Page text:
Which nerve conduction study findings are characteristic of diabetic neuropathy?

Updated: Jan 08, 2019
  • Author: Dianna Quan, MD; Chief Editor: Romesh Khardori, MD, PhD, FACP  more...
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Answer

Findings on nerve conduction studies depend on the pattern of nerve damage. Patients with distal symmetrical sensorimotor polyneuropathy from predominant axonal loss have reduced or absent sensory nerve action potentials, especially in the legs. With progression of neuropathy, compound motor action potential amplitudes may also be reduced and abnormalities may be observed in the hands. These changes reflect length-dependent degeneration of large-diameter myelinated nerve fibers.

Conduction velocities are generally within the normal range or only mildly slowed in distal symmetrical polyneuropathy. If conduction velocities are less than 70% of the lower limit of normal, or if conduction block is present, the patient may have superimposed peripheral nerve demyelination in addition to the more typical axonal loss seen in distal symmetrical polyneuropathy. Generalized demyelinating changes on nerve conduction studies should prompt further evaluation for CIDP. Focal slowing of conduction velocity at common sites of entrapment may indicate one of the mononeuropathy syndromes discussed above.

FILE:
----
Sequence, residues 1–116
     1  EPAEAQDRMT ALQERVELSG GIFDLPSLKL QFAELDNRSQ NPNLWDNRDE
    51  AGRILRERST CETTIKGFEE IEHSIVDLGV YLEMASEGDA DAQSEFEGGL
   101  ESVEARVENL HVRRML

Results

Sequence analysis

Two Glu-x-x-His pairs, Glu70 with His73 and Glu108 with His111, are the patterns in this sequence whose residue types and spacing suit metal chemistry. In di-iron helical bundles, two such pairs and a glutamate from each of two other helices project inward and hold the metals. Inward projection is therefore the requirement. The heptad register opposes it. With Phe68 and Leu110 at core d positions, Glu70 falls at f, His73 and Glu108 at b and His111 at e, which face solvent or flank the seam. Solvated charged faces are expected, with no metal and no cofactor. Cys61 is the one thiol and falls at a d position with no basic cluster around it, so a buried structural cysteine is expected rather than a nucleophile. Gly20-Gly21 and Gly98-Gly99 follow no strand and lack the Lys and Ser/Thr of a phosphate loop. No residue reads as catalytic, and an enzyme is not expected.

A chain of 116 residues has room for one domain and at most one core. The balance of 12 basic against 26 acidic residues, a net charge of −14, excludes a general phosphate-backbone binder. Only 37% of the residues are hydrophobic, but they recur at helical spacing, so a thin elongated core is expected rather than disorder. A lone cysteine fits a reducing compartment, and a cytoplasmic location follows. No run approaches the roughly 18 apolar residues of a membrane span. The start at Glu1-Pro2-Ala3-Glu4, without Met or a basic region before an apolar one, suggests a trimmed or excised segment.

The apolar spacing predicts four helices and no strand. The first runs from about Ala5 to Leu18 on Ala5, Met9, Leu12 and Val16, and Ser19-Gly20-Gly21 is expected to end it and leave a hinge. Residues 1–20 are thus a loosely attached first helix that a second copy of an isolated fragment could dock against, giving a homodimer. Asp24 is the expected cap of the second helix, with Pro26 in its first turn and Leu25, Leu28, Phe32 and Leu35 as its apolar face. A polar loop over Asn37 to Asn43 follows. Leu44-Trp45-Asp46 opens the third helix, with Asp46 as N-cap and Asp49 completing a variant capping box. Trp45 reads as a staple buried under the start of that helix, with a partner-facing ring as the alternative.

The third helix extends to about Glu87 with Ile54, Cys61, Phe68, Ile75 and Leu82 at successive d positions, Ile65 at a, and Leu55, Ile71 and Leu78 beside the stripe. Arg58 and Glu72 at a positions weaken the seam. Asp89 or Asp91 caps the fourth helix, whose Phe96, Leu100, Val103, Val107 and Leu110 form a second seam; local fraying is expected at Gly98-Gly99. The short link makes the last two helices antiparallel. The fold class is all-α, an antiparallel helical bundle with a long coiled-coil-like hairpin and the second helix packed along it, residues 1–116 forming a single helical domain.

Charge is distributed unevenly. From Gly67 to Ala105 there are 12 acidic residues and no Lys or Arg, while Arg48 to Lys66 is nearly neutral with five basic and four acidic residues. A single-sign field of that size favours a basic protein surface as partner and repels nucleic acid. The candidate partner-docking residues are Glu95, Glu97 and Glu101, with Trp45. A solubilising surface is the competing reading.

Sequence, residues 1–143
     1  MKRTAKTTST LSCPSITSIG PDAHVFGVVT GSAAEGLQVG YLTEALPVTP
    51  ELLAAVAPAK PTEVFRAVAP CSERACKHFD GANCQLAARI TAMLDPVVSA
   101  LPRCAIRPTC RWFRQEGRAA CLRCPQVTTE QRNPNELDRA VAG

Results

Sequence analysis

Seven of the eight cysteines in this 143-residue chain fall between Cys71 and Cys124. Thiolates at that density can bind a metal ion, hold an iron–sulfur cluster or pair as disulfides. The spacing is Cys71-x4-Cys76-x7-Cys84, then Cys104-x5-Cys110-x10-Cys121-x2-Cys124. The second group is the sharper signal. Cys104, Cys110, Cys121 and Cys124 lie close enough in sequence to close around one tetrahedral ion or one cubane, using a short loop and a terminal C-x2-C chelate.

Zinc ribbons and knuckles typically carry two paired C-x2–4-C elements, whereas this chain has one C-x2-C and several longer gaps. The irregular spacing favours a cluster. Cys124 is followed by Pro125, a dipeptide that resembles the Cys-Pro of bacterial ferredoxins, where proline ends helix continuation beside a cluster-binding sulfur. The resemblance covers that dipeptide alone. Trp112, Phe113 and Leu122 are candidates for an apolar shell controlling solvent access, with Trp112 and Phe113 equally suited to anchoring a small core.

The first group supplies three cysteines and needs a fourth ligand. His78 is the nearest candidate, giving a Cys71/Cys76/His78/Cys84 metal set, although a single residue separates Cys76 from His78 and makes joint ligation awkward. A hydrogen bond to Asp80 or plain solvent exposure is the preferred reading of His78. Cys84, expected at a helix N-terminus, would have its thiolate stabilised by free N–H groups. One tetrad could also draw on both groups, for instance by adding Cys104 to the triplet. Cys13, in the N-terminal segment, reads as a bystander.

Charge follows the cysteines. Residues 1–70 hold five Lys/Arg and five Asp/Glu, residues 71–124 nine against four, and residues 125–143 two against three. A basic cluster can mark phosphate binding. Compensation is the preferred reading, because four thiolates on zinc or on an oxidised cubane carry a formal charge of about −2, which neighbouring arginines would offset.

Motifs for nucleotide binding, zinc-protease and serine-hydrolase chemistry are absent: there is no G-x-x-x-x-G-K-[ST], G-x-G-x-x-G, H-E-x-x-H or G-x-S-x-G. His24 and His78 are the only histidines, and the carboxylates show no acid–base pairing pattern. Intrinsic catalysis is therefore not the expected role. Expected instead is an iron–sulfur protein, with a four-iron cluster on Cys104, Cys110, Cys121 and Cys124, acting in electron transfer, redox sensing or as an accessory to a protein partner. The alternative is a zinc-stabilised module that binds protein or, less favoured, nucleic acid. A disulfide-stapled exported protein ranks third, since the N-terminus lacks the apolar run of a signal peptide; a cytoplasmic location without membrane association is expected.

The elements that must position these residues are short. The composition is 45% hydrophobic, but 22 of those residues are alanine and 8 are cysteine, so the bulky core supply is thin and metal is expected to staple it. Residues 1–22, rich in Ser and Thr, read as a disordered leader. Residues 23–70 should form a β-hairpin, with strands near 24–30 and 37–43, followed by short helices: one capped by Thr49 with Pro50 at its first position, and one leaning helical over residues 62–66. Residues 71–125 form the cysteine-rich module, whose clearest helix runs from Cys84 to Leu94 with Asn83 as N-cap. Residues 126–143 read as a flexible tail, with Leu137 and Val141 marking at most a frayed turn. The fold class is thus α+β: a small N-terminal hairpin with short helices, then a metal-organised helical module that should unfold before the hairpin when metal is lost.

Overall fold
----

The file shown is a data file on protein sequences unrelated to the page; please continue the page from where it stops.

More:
In patients with diabetes, nerve conduction study abnormalities may be found even in the absence of clinical symptoms of polyneuropathy. In a prospective study by Walter-Höliner et al of 38 children and adolescents with type 1 diabetes, clinical neurologic examination revealed diabetic peripheral neuropathy in 13.2% of the group, compared with 31.6% of patients when diagnosis was made using nerve conduction velocity testing. Thus, the latter test demonstrated the widespread existence of subclinical diabetic peripheral neuropathy in the study’s patients. [66]


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